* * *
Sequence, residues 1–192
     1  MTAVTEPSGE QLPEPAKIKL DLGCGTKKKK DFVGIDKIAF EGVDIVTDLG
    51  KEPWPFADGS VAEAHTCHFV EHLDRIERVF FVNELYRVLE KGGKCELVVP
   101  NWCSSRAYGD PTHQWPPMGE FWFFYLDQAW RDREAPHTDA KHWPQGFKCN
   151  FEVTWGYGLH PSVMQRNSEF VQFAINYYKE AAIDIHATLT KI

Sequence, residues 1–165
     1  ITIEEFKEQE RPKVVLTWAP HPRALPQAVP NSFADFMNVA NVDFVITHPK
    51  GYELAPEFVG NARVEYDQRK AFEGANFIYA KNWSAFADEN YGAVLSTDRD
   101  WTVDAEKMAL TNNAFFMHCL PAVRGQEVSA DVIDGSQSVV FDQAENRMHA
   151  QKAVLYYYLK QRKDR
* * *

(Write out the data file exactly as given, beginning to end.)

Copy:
Sequence, residues 1–192
     1  MTAVTEPSGE QLPEPAKIKL DLGCGTKKKK DFVGIDKIAF EGVDIVTDLG
    51  KEPWPFADGS VAEAHTCHFV EHLDRIERVF FVNELYRVLE KGGKCELVVP
   101  NWCSSRAYGD PTHQWPPMGE FWFFYLDQAW RDREAPHTDA KHWPQGFKCN
   151  FEVTWGYGLH PSVMQRNSEF VQFAINYYKE AAIDIHATLT KI

Sequence, residues 1–165
     1  ITIEEFKEQE RPKVVLTWAP HPRALPQAVP NSFADFMNVA NVDFVITHPK
    51  GYELAPEFVG NARVEYDQRK AFEGANFIYA KNWSAFADEN YGAVLSTDRD
   101  WTVDAEKMAL TNNAFFMHCL PAVRGQEVSA DVIDGSQSVV FDQAENRMHA
   151  QKAVLYYYLK QRKDR